A team of special agents with the Department of Justice’s Bureau of Investigation, along with local and federal law enforcement officers, recently conducted a territory-wide operation to verify important information of registered sexual offenders.
The initiative, dubbed “Operation Ponderosa,” lasted approximately eight days. During that time the group – four DOJ special agents, program manager of the Sexual Offender Registry Program, program territorial investigator from the Sex Offender Registration and Notification Act, five agents from the U.S. Marshals Service and four officers from the U.S. Virgin Islands Police Department – conducted unannounced inspections of registered sexual offenders living in the U.S. Virgin Islands to verify their locations and other personal information, such as their work and home addresses.
“We have told the sex offenders that it is vital that DOJ receive accurate information and we will regularly verify that information. We need their cooperation for this to work properly,” Attorney General Claude Earl Walker said in a news release.
Walker said “Operation Ponderosa” is the Office of the Attorney General’s effort at keeping the community safe from sexual predators.
“Sexual violence is a major problem, and so, the registration requirements are created to reduce recidivism,” Walker said. “The Virgin Islands has adopted a very rigid notification system. We are not a lenient jurisdiction because we know that registration reduces the frequency of reported sex offenses against new victims by keeping police informed about local sex offenders. So, this is a public safety tool to deter convicted sex offenders.”
On St. Croix, the semi-annual verification sweep was carried out from Feb. 26 to March 2 and targeted the 56 offenders residing on that island. During the operation, 50 were found to be in compliance with the registration laws of the U.S. Virgin Islands. However, one offender, although abiding by the registration laws, was allegedly unlawfully growing marijuana plants and possessed an authorized firearm. Of the others, one has been located on the U.S. mainland and the whereabouts of three others was verified and their information updated.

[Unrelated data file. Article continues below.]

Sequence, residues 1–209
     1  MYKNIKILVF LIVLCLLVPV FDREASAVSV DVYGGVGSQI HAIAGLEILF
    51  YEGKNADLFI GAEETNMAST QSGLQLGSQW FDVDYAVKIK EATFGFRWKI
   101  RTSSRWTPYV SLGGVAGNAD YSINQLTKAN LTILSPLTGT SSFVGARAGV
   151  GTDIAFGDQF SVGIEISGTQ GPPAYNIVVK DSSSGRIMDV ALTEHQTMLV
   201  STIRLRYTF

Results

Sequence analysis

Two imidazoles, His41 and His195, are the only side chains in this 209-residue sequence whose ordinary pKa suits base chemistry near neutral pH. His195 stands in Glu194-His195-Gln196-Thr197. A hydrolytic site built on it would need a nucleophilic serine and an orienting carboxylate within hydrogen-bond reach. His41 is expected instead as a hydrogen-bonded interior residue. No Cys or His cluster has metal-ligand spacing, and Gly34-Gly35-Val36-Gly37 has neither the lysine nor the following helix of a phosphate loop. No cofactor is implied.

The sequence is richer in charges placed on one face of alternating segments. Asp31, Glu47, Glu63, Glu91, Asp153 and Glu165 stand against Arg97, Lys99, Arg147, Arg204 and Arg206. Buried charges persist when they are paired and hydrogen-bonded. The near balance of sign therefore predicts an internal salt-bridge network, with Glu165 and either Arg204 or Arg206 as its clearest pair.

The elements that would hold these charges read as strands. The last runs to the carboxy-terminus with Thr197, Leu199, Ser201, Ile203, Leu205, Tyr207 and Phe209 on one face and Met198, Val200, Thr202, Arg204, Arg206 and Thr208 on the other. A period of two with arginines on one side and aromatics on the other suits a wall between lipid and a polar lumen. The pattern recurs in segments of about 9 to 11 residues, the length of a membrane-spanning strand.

However, at the time of the initiative, two could not be found, but as of today, those two absconders – Jonatan Montez and Wayne Graham – contacted authorities on St. Croix. Montez has informed DOJ that he is currently living and registered in Florida and Graham came into DOJ to re-register.
The team then headed to St. Thomas and St. John from March 26 to 28 to seek out the sexual offenders living in that district. During the exercise, 15 offenders on St. Thomas and six on St. John were verified.
Within three business days of arriving at a new location, a registered sexual offender must notify the DOJ of his/her name, residence, temporary lodging information, vehicle information, Internet identifiers, telephone numbers, school information and employment status.
According to AG Walker, special agents routinely perform the task of tracking registered sexual offenders.
“Sex offenders who fail to comply will find out that there are significant negative consequences for them if they either fail to report or give DOJ misinformation,” AG Walker said.
Last year, AG Walker revised an existing policy requiring that all sex offenders in the territory must also notify DOJ when traveling inter-island, between St. Thomas and St. Croix.
In 1997, the U.S. Virgin Islands enacted its first sex offender registration statute and in 2006, the Adam Walsh Child Protection and Safety Act of 2006 was enacted by Congress. Title I of that Act is known as the Sex Offender Registration and Notification Act, or SORNA. This Act established a new baseline standard for states to track sex offenders, which required more unity and cooperation among jurisdictions in the registration and notification process. The purpose of SORNA is “to protect children from sexual exploitation and violent crime, to prevent child abuse and child pornography, to promote Internet safety, and to honor the memory of Adam Walsh and other child crime victims.”
On July 18, 2012, amendments were made to the local sex offender statute and the Sexual Offender Registration and Community Protection Act was signed into law in the U.S. Virgin Islands.
Registered sexual offenders in the territory may be prosecuted for either failing to register or not keeping their registration current, as required by this law, and if convicted, the penalty is a fine of not less than $3,000 nor more than $5,000, or imprisonment for not less than three months nor more than two years, or both. The law also provides that it is an offense to assist a sex offender to evade the registration requirements, which carries a fine of not less than $1,000 nor more than $2,000, or imprisonment for not more than six months, or both.
DOJ records show that 119 sex offenders live in the Territory – 57 on St. Thomas, 54 on St. Croix and eight on St. John. As of Tuesday, one offender, David Phillips, is listed as an absconder. Authorities are still searching for him.